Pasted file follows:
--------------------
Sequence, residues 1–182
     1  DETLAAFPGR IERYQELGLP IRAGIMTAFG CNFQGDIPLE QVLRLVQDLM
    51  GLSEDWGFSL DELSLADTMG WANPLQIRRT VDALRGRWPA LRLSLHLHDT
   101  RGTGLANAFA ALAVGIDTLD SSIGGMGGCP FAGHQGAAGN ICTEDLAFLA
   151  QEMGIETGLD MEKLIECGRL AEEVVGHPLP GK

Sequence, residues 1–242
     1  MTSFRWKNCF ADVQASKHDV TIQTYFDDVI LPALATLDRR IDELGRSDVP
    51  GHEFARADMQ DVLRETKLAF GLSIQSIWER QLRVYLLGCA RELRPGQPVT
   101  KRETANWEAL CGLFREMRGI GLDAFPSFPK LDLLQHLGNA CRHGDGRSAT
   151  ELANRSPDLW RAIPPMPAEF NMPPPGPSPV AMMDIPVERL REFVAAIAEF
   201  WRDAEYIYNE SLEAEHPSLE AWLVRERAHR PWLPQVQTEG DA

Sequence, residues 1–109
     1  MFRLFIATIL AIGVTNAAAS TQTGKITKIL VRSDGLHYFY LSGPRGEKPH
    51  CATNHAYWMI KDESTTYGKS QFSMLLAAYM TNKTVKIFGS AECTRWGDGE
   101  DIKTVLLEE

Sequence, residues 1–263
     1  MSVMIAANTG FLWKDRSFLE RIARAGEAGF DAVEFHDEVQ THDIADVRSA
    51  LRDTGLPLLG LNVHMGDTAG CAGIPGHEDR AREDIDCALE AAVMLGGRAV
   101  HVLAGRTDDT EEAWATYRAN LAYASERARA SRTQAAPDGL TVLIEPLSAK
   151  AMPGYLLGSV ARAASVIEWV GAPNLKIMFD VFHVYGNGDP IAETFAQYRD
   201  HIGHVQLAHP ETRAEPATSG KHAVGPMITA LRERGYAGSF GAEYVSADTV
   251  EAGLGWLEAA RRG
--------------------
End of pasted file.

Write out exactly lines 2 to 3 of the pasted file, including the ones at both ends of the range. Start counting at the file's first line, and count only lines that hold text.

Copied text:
     1  DETLAAFPGR IERYQELGLP IRAGIMTAFG CNFQGDIPLE QVLRLVQDLM
    51  GLSEDWGFSL DELSLADTMG WANPLQIRRT VDALRGRWPA LRLSLHLHDT